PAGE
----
For those of you who’ve never been on a service trip, this post may be a bit of an eye-opener. The idea of a home-stay, total Spanish immersion, 14-hour workday, alcohol-free, rooster-infused adventure is not for everybody – and by everybody, there have been plenty of times in the past six days that I mean me.
I’m on a week-long service trip with 10 students from my husband’s college to San Juan La Laguna, Guatemala. That means that every minute since arriving at the airport in Atlanta, I’ve been in constant interaction with people I barely know, and having to go with the flow of endless activities over which I have no control. For those of you who know me, you can imagine (actually you probably can’t) that I would voluntarily subject myself to such a situation. Yo tambien.
Yesterday, for instance, after a light breakfast of 3 pounds of wood-fired corn pancakes, sans syrup, I took a two-hour Spanish lesson, during which I was repeatedly reprimanded by my adorable but stern maestra Rosa for writing down words I was trying to remember while she was talking and giving me new words I couldn’t remember. Then, our well-tutored group was led to our daily service project: moving a 10-foot rockpile to the back of a site, so that the Mayan medicinal mujeres could plant their herbal healing plants on level ground. Did we have a wheelbarrow? No. Did we have gloves? No. Did we have a plan for where to put all the rocks we were hauling? No. Was I supposed to complain about any of this or offer constructive input about how to most efficiently conduct this back-breaking and seemingly preposterous work? Absolutely not.
I was supposed to just “go with the flow” and do what the mujeres were asking us to do –meaning that I ended up with an old frying pan on the top of the pile, scooping rocks onto linen cloths and old mesh bags that pairs of students would then carry to the back of the lot and dump into another big pile. I was so opposed to the inefficiency of our operation I thought I would lose my mind. And we did this for six hours. BUT…about 4 pm, there was a moment of perfect clarity – when the healing mujeres were standing there watching all us gringos work and talking on their cell phones – when it occurred to me, “Wow, this is how every landscape guy in Atlanta must feel about us dopey blancos!” Enlightenment!!
Then at about 5 pm, just about when my blisters were turning into open wounds, we started actually planting stuff. Suddenly, all the stones we’d moved, brush we’d hacked our way through with machetes, and plants we’d tuk-tuk’d down (my idea!) from the old location were put in the soil, watered, and we’d created a garden that would be used for years to help heal folks in the traditional Mayan ways. Wow!
That was pretty satisfying and I felt incredibly proud of our students, who had remained easy-going, cooperative and compliant (three words that have never been used to describe me) throughout the ordeal. When we got home I scrubbed out Larry’s and my filthy clothes (I may not be good with rock-hauling but I am awesome with the washboard), then proceeded to rip my leg open on a rusty piece of rebar on the roof of our house where the clothesline lives. Oops.
The next morning, while running down the road with four liters of water, I managed to fall between the bars of a grate covering a ditch, trapping my leg just above the knee. Unfortunately I saw 127 Hours and immediately envisioned having to hack my own leg off, but then I wrenched it out of the jaws of death and only caused a minor street spectacle of sympathetic onlookers. And luckily, we weren’t required to do any heavy lifting yesterday—only the usual five miles of uphill walking.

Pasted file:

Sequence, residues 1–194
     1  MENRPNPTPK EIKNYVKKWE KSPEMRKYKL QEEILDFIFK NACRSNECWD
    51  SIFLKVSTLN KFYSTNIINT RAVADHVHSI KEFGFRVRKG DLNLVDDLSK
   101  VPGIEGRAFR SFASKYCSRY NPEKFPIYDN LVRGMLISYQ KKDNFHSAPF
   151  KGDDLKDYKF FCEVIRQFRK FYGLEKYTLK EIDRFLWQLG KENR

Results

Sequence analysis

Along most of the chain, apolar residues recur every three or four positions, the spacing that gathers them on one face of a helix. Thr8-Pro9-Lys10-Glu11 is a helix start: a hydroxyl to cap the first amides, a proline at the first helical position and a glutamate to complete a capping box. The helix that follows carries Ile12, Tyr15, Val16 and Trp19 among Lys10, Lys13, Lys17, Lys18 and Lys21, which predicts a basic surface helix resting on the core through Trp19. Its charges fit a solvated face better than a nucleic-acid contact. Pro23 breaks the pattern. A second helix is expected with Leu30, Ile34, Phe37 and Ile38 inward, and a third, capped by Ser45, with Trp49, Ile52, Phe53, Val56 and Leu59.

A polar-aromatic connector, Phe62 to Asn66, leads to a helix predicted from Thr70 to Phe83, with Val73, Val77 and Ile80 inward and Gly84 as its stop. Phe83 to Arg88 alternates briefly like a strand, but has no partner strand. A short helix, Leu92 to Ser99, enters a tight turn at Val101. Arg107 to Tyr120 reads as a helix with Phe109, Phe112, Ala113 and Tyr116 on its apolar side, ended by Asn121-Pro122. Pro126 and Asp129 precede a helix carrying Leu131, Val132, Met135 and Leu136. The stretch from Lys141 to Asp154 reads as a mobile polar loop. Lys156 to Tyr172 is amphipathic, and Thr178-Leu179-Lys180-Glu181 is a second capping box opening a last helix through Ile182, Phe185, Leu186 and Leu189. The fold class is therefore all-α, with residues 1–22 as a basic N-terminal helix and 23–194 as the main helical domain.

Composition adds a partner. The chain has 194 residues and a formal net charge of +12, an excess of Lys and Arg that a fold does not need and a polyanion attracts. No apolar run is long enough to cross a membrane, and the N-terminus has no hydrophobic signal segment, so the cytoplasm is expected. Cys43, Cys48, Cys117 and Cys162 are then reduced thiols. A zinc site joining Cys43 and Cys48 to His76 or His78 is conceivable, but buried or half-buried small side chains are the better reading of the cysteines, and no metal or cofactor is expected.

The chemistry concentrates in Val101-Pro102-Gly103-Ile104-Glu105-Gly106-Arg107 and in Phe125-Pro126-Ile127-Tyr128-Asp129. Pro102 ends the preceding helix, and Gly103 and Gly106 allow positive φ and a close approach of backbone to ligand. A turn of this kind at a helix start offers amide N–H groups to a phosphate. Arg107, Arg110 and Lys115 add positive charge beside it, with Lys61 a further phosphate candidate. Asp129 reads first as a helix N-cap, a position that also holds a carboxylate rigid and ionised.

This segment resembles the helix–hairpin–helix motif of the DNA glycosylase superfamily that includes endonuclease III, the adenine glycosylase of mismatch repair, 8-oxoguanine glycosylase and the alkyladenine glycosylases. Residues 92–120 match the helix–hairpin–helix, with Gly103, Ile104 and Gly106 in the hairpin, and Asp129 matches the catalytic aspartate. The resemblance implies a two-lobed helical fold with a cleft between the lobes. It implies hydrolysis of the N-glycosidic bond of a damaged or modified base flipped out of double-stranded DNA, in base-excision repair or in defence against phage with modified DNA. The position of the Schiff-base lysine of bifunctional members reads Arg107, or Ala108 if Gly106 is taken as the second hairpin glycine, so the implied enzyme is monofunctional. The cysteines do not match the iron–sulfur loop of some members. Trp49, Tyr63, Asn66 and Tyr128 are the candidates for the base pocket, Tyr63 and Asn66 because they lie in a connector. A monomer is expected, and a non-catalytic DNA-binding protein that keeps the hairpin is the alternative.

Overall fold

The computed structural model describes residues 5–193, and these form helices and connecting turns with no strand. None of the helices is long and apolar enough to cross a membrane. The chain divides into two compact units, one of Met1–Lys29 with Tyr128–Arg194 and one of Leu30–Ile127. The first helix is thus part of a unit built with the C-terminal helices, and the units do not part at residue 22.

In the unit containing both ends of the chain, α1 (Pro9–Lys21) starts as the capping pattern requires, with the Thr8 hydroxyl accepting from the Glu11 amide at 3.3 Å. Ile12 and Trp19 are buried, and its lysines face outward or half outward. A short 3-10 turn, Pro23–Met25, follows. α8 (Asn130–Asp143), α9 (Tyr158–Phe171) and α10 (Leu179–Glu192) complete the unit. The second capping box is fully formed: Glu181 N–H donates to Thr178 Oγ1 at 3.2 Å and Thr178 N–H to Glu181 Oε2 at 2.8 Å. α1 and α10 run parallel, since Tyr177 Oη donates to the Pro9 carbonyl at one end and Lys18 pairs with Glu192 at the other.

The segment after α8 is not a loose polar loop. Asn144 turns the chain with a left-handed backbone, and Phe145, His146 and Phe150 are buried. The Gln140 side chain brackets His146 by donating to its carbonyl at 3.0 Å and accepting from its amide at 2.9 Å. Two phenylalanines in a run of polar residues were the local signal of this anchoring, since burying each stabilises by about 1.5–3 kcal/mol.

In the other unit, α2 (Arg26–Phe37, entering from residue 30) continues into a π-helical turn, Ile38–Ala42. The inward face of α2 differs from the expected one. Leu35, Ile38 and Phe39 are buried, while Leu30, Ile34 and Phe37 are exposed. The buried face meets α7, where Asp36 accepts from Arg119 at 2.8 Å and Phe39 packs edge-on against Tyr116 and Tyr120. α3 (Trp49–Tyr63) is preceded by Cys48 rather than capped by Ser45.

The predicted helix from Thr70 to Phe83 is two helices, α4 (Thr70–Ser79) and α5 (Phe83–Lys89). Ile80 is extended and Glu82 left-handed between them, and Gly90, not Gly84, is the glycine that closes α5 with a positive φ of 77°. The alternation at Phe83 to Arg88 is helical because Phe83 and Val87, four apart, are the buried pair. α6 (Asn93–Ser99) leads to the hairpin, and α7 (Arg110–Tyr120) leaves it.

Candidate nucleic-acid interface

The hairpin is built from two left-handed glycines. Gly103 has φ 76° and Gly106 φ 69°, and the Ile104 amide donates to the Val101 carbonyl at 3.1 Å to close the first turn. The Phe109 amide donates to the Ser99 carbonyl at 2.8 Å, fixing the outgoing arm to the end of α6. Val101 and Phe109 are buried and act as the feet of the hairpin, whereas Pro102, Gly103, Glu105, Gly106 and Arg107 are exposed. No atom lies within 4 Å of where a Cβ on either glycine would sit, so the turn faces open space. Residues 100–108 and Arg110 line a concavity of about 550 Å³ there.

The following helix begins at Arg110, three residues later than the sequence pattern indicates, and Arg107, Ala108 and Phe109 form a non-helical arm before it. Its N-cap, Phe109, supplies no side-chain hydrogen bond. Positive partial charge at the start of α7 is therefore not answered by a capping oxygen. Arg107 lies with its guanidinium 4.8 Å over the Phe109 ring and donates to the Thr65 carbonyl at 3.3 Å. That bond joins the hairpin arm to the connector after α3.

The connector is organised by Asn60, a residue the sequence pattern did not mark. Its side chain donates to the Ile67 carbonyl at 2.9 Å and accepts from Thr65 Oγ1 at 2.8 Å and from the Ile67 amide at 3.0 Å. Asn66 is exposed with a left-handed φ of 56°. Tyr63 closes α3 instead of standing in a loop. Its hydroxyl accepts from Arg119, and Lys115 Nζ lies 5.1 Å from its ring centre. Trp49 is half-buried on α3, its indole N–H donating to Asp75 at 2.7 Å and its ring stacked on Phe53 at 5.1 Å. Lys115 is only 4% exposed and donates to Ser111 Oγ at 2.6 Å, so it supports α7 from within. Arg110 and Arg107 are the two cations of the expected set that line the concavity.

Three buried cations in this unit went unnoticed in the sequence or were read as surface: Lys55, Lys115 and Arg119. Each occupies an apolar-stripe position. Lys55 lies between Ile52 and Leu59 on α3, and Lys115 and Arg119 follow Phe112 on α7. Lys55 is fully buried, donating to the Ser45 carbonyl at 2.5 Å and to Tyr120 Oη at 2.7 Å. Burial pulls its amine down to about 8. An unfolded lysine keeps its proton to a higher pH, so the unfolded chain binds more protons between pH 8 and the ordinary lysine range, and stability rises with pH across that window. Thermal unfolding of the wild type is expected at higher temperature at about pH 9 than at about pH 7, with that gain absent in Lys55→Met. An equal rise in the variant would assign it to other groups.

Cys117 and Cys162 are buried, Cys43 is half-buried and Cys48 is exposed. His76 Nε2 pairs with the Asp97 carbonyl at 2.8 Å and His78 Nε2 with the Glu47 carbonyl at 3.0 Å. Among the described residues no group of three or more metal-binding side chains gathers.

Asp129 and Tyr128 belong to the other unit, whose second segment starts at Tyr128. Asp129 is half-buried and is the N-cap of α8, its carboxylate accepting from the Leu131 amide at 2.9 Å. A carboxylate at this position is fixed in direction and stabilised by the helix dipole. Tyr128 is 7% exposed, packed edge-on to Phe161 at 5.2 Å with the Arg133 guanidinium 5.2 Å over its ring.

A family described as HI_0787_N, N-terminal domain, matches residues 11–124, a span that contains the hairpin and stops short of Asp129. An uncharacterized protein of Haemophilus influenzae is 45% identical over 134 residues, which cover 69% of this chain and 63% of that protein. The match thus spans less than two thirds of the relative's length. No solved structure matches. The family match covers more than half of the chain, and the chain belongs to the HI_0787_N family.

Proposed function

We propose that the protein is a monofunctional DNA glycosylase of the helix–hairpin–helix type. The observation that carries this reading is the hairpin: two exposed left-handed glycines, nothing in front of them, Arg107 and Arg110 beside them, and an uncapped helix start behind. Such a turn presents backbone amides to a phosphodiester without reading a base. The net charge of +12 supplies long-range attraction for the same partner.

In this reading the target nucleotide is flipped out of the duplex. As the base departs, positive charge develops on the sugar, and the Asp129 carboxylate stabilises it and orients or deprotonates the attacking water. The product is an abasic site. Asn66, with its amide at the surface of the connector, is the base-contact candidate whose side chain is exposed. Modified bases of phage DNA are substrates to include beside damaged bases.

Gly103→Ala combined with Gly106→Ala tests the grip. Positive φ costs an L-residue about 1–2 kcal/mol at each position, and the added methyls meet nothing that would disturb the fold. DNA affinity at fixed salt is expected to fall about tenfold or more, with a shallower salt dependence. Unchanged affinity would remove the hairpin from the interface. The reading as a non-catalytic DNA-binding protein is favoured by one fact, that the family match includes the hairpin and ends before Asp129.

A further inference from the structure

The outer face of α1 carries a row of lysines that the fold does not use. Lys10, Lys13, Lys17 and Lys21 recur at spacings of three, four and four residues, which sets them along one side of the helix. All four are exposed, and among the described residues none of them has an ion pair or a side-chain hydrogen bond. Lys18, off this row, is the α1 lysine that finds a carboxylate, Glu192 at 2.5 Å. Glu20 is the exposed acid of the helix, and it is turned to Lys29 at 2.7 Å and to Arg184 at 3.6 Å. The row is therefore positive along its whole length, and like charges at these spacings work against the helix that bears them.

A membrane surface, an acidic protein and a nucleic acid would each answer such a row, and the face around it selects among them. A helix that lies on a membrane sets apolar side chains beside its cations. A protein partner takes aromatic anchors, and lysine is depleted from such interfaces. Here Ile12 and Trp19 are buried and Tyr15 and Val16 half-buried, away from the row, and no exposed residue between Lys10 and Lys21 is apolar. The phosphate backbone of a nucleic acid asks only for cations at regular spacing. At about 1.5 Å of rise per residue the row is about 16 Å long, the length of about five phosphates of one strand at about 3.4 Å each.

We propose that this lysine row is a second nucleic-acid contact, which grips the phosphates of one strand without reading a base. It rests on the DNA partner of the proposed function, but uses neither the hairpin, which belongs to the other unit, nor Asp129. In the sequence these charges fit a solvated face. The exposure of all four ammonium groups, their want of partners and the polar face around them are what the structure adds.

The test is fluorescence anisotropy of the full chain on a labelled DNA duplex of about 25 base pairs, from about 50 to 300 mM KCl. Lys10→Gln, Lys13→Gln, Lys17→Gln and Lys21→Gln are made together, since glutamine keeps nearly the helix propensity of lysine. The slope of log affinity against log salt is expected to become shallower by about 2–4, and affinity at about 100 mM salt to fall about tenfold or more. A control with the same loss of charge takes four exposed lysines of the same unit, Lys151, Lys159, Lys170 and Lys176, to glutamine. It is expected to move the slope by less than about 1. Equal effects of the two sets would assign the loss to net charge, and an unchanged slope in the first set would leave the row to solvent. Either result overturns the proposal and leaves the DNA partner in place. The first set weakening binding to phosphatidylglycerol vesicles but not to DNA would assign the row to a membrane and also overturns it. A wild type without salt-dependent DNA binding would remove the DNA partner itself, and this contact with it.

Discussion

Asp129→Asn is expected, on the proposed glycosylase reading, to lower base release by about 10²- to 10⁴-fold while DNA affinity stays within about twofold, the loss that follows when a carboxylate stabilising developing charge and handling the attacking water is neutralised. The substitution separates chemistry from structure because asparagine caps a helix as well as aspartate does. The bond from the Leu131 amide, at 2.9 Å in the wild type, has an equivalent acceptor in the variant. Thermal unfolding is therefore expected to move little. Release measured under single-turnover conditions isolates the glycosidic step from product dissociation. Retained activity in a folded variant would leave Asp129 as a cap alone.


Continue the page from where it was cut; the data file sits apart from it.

That day’s venture took us to a Heifer-supported project high in the mountains at the Asuvim organic coffee cooperative. This is a much poorer and more remote community than San Juan –and it’s almost impossible to overstate how hard life is for the indigenous people living there. The coffee cooperative allows farmers to buy coffee plants more cheaply; provides them with gorgeous organic compost made from discarded coffee pulp, manure, and some serious worm action; and helps them get the highest possible price for their crop. We toured the factory and new school, learned about Heifer’s work in Guatemala, spent some quality time weeding in the nursery & learning to love worms in a whole new way, then walked to two far-flung family farms to hear how the gift of a cow and microfinance loans have impacted their lives.
I lost my heart to a thin little girl in blue pants who grinned shyly at me from behind her dad’s leg, and I could hardly bear to think that she probably would never get the chance to go to school, much less have enough to eat. But that’s the hope of Heifer, and all we can do is give generously to those organizations that are here trying to make life better, passing on the gifts, and enabling these incredibly stoic and hard-working people to support themselves and their children.
We came home to supper last night (we’re all staying with indigenous families throughout San Juan), and while Maria made us a delicious supper of fried cauliflower, tortillas and French fries, I started worrying once more about the wood fires the people use to cook here – thinking about air pollution, deforestation, little kids’ lungs, and whether any of us gringos are ever going to get the smell of smoke out of our clothes, hair or skin. Then again, maybe the smoke will help us to remember every minute of our time here with these beautiful, dignified and joyful people.
Like the worms, I’m taking in big chunks of Guatemala and trying to chew my way through to understanding, wisdom and hopefully the ability to feed a few hungry people.
Hasta la huego, mes amigos!